Plant-based lifestyles are thriving increasingly around the world. What’s interesting about it is the diversity of motivations behind this surge, which points to a higher collective awareness about our relationship to food and where it comes from.
In China, for instance, people are embracing plant-based foods because they want (1) to be healthy, including maintaining a healthy weight; (2) to protect wildlife, since animal agriculture requires a lot of land that could otherwise be forested; (3) to reverse the cognitive dissonance they’ve experienced due to animals they love as pets versus those they eat; and (4) to follow the teachings of Buddhism. Young people in China who care about protecting wildlife skipped the ritual of eating fish and chicken for the Lunar New Year, indicating how their values are changing.
The interest in plant-based foods points to a higher collective awareness about our relationship to food and where it comes from.
Taiwan is showing a similar trend. Dr. Will Tuttle, on his recent lecture tour of Taiwan, learned that 93% of Taiwanese schools serve meat-free lunches one to two days a week. Much of the motivation centers around Buddhism; Buddhist organizations run vegan/vegetarian hospitals, and operate organic health food stores, promoting plant-based lifestyles. While in Taiwan, Dr. Tuttle had active discussions with politicians about the benefits of plant-based diets, and they were open to a meat tax. The Taiwanese press also plays a strong role in sensitizing the public about such issues through extensive coverage of Dr. Tuttle’s lectures and other efforts to promote plant-based diets.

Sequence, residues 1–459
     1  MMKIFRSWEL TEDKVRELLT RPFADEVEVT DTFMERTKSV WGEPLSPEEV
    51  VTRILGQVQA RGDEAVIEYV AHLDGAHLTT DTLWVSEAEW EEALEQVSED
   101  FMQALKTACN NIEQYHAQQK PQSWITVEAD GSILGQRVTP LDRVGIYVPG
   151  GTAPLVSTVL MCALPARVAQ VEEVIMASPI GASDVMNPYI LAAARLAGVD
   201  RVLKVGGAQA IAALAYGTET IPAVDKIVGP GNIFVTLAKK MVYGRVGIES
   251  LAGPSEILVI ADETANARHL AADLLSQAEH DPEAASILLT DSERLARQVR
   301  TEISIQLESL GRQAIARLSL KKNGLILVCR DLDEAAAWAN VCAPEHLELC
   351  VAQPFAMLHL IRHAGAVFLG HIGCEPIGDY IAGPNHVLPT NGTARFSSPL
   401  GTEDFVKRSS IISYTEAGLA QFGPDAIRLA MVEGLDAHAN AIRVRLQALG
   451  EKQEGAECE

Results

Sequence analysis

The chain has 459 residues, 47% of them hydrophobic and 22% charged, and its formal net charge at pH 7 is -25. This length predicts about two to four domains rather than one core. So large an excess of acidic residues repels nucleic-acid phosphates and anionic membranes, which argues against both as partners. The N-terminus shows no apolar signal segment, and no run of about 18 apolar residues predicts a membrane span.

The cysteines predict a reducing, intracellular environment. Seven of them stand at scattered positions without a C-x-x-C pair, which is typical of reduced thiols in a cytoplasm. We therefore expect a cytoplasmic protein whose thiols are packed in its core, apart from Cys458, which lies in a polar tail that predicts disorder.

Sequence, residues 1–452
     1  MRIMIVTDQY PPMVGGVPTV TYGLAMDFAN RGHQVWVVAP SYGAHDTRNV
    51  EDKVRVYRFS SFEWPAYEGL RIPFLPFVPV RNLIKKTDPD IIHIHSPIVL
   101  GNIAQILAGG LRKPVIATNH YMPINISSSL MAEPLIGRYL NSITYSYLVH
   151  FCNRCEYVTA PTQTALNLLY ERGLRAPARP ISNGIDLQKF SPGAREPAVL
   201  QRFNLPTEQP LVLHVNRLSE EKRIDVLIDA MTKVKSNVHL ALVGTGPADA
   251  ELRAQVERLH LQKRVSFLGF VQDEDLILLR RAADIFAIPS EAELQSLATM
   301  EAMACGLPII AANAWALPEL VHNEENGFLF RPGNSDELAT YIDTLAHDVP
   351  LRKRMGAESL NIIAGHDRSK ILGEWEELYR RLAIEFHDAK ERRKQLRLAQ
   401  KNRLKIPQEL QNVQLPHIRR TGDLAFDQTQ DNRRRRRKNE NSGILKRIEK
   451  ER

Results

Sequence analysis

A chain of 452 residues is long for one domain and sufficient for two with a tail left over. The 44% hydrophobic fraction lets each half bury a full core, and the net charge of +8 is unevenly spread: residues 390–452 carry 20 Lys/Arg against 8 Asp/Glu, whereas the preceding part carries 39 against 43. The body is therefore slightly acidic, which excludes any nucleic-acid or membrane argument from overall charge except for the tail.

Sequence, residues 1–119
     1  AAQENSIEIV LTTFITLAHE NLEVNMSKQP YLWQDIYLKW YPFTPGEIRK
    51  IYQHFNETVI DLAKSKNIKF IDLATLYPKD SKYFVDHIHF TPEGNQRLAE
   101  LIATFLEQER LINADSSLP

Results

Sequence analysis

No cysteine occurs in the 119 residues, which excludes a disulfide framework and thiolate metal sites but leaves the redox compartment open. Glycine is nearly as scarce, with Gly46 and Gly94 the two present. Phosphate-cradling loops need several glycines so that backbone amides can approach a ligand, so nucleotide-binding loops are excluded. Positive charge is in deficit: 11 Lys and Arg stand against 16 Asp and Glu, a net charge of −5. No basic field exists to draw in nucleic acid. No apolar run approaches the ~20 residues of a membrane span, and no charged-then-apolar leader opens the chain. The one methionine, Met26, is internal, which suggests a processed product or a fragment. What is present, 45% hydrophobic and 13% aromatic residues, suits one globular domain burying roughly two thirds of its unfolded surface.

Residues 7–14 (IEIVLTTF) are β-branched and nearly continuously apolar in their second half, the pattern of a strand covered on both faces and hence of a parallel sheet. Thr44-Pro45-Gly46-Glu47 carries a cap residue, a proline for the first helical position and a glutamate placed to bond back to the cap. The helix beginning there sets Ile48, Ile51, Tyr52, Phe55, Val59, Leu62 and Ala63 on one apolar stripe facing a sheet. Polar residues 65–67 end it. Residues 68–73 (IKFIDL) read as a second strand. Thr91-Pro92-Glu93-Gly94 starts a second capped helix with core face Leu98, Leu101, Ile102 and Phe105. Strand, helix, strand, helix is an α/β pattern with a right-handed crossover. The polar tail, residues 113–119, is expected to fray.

In Israel, an analogous shift is underway, and it’s happening because of rising awareness about the reality of animal cruelty, health, and the environment compared to culturally influenced assumptions long-held. For example, Israelis typically eat three servings of dairy per day, but learning about the cruelty that goes on in the dairy industry has led to a rapid rise in plant-based diets. Ori Sahvit, author, photographer and chef, is leading the charge through her own transition to veganism three years ago, and her strong media presence. Interestingly, Israelis want to remain mainstream and that is exactly what is happening: an entire cultural shift to plant-based diets, creating a new norm when it comes to food. While Israel is not experienced with plant-based meats (e.g. seitan and textured soy-protein), the nation has something even better: staples in the national diet that are already wholesome, healthy, and vegan, such as hummus, falafel, majadara (a rice, lentil and onion dish), and tahini.
Given this overall trend toward a plant-based diet in different cultures for similar reasons, it’s evident that something fundamental is happening here: a paradigm shift in how we relate to food and life. May the transformation to compassionate, healthy, and sustainable eating continue around the world as we clearly discern the connections between food, animals, the environment, and spirituality.